All about Sweden

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Our storage room at work is a bonanza, really. You can find the funniest thing there. Today, I happened to find four sets of the board game “Sverige runt” that I think the Swedish Saturday School uses. Of course I had to take it with me and see what it’s like.

The game looks like a true 80ties pastime. On the cover you see the Swedish nuclear family (but why are the parents dark-haired?) that we instantly named: Mamma Elisabeth, called Bettan, pappa Hans, called Hasse and their kids Anna-Karin and Lars-Åke. Both my co-worker and I struggle to even know the Swedish landskap (province), I have been trying to memorize them for four years now but I always forget Medelpad. (Medelpad, I learned from the game, is the geographical center of Sweden – how is that even possible?!) Our intern is pretty good at this stuff as we noticed when I quizzed each other quickly with a few of the question cards. Such random questions, really. I was extremely proud though of the ones I could answer correctly. Whenever I did not know, I always answered, “Jämtland”.

Here’s a selection for you of those I could answer. Test yourself! (Answers at the very end.)

Who founded Vadstena Abbey?

Where does the Vasa Race start?

What does the sculpture in the Stockholm Cathedral portray?

Which province has most runes?

Which royal lived at Waldemarsudde?

What is the plague during the 1300s commonly called?

Who is considered Stockholm’s founder?

Which one is the biggest party in parliament? (Such a random question since that changes in a democracy?!)

 

Del 3 i random quotes från jobbet:

Extra co-worker coming out of his office, walking by ours, “Hello, Swedish House Mafia!”

“Dejtar är inte kul, de är som jobbintervjuer”.

“Vad heter det djur äter ur?” “Trog”. “Heter det inte krubba?” “Nej, det fick för hög status pga Jesus”.

“Det ser bra ut.” “Du menar det ser ut som om en tysk hade gjort det”.

Saint Birgitta – Sälen – St. George and the Dragon – Uppland – Prince Eugen – Digerdöden – Birgel Jarl – The Social Democrats

 

 

 

To the land of the free

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Emily and me, 2010-today, Stockholm, Malmö, Kiruna, Damme, Bremen, Juoksengi, London, Hamburg. And soon: Murica!

Yesterday, twelve years ago, I set foot on American soil for the first time.  I have not been back since that high school exchange semester. The first five years, I didn’t feel like I had to return. When others felt New York City or Los Angeles irresistably calling for them, I just wanted to go Stockhome. But it was there, in Stockholm, I met Emily who I came to call one of my very best friends, and she was from across the pond. When political and cultural news coming from the U.S. depressed, disillusioned my European soul, I had her  restore my faith in the American people.

And all these years, I’ve been wanting to visit her. Today, I booked! We’ll be spending our birthdays together (because we’re born just one day apart) and I’ll be in Washington, Philadelphia and New York City at the worst possible time: February. But I don’t care, I’ll meet Emily and I’ll see my 2004 host sister Bridget again and I’ll go to the Swedish American Emigration Museum. This is going to be grand! Now I’ll just have to apply for a passport.*

*As a German, you only need a passport if you are travelling outside of the Schengen area which includes all of Europe.

Pax be with you

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Today was a big day in my life. Today I felt like a real grown-up. Because today, for the first time in my life, I bought a wardrobe. I don’t think I ever spent this amount of money on anything yet (even though many others probably don’t think it’s that much). If you wonder where I stored my clothes the past 9 years after moving out: there were mostly built-in wardrobes in my rooms. In Sweden, that’s a pretty common thing.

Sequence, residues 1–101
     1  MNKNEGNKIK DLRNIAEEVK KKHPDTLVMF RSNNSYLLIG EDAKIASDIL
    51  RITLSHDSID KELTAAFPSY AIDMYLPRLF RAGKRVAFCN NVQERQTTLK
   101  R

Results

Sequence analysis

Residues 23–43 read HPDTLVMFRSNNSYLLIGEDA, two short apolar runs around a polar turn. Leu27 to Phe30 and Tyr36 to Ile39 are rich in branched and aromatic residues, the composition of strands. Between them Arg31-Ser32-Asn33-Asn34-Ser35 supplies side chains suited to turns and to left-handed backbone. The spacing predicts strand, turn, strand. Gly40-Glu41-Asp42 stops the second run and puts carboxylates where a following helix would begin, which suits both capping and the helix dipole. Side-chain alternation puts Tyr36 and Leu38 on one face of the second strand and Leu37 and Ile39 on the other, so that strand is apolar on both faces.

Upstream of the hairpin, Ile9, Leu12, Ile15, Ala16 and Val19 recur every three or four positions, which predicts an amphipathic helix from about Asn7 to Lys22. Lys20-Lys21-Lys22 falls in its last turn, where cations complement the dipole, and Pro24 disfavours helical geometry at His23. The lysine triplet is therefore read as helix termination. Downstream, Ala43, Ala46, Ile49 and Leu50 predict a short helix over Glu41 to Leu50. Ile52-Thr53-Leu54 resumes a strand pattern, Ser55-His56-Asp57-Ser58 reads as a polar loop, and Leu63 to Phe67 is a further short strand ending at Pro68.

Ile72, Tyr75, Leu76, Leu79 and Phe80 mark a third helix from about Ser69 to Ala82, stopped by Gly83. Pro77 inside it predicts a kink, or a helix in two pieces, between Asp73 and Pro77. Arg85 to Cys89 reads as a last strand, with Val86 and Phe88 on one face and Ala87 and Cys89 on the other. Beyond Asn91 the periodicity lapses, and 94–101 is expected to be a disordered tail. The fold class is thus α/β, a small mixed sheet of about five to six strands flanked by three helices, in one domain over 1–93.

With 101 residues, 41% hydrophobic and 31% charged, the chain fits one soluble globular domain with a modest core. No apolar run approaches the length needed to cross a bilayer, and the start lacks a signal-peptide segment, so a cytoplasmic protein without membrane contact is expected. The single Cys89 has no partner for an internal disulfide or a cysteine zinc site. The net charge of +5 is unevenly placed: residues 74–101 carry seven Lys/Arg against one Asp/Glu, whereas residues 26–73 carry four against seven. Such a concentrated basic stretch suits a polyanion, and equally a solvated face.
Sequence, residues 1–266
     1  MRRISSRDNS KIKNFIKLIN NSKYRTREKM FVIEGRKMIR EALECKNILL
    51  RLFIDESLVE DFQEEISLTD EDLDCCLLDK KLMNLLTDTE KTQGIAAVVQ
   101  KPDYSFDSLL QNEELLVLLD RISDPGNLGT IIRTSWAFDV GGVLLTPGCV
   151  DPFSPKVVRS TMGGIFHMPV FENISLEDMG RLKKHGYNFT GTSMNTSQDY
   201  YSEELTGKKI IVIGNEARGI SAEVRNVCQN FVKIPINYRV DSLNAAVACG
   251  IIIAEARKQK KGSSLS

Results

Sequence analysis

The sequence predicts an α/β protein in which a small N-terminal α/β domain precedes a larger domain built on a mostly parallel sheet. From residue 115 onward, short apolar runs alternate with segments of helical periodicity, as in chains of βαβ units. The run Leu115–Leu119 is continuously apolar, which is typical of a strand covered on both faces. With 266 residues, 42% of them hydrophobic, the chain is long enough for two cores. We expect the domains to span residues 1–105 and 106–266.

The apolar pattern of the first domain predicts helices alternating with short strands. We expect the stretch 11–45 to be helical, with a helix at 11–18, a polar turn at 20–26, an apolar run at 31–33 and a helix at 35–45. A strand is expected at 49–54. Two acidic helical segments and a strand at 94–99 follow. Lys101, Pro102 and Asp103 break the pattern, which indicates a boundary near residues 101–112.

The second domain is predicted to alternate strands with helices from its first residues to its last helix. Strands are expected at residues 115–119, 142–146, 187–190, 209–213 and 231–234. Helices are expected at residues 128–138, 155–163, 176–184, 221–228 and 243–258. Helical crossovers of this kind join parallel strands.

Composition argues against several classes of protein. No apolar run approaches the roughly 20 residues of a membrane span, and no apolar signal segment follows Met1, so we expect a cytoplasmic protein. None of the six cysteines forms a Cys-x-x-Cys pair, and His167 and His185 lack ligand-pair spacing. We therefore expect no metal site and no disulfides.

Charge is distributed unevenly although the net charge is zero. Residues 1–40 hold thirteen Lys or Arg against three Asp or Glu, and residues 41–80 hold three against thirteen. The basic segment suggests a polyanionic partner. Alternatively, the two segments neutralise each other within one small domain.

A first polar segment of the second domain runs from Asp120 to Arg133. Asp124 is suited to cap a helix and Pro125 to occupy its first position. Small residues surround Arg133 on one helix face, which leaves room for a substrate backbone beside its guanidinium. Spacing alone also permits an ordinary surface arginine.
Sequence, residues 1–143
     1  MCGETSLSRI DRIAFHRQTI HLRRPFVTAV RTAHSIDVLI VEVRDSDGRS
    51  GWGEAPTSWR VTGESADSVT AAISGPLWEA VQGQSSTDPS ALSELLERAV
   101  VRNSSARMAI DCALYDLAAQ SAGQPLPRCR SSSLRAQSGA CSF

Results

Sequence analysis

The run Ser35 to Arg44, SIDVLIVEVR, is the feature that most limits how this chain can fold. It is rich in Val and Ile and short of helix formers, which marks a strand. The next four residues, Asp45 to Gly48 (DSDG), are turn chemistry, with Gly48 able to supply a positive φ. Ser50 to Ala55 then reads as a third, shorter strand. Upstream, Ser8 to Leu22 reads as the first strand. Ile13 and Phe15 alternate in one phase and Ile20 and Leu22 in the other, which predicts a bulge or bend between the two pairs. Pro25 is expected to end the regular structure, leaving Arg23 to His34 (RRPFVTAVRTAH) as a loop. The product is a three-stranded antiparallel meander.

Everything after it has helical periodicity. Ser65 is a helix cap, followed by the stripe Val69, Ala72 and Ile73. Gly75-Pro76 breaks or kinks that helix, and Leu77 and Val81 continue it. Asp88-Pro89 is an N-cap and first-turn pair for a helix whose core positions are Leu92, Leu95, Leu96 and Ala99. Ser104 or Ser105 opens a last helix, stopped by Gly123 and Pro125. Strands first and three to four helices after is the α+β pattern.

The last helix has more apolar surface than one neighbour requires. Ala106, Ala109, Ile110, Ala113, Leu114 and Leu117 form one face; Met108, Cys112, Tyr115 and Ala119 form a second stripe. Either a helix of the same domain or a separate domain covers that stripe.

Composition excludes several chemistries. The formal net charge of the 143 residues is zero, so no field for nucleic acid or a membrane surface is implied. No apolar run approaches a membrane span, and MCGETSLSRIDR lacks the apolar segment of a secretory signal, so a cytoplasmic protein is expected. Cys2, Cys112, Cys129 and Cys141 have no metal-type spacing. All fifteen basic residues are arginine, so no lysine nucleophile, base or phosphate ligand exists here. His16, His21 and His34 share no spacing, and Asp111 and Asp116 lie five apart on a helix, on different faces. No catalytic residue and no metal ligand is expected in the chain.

I bought a Pax from Ikea. I’ve been wanting to do that for months, maybe years. I’ve longed for this piece of furniture ever since I moved in here. But buying a Pax is not something you just do. I planned four Paxes online, took stock of my clothes, measured my room (too small!) and – most importantly contacted my Paxexperts. My Paxexperts are Ilka and Anthony, my friends who have five metres of Pax that they built up themselves, something I deeply admire them for. They were so nice to meet me at Ikea and help me choose and plan, adviced and calmed me (“Will 100 cm of storage for bed lines really be enough?!” “Helen, that’s a lot. You will be fine.”) and they assisted me in downsizing so much that I could take away 50 centimetres. I was so glad to have them with me because not only to they know more (like that if you, like me, persist in getting hinge doors, you can only put baskets in the lowest part) but they also helped me deciding, something I am really bad at because which door handles should one get?

When you plan your Pax at Ikea, you can name your project. Somehow it was impossible to log out again so everyone who used the same computer after me had their projects named “Helen’s Pax!” which was a bit funny when they printed it and showed it to the shop assistant.

I still wonder why the Ikea wardrobe system is called Pax. In Swedish, att paxa or pax på means to reserve the right for something. But I think that maybe this Ikea name is exception from the rule that Ikea names are Scandinavian. I think it might be Latin. Pax. Peace. Peace in the wardrobe.

After the Pax purchase, I attended the Crayfish Party Ikea hosts for its partners every year. We don’t have company parties or a Christmas staff party so this is kind of our thing. It quickly got very late and I ate half a crayfish as every year. I really try again each year but I just don’t like it. I love all the rest of a Crayfish Party though so I even signed up for the Swedish Association’s tomorrow. Let’s see if I can get away with not cracking little red tails and not sucking claws…

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This week, I was also better at living up to my challenge of testing the bars around my house. Thursday with Britta.

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Sweden played Germany tonight, I couldn’t decide who to root for.

 

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My sofa table had to be taken to the conservator so I got this replacement for three weeks. So pretty!

Del 2 i random-citat-samlingen:

20 minuter efter lunchpaus: “När är det fika?” “Halv tre but I like your thinking”.

“Han har ett enda intresse angivit på Tinder och det är Techniker Krankenkasse, han får ett megalike!”

“Det är för varmt. Jag lider faktiskt lite. Mina lår mår inte bra just nu. Jag är som en kamin!”

The Pokébridge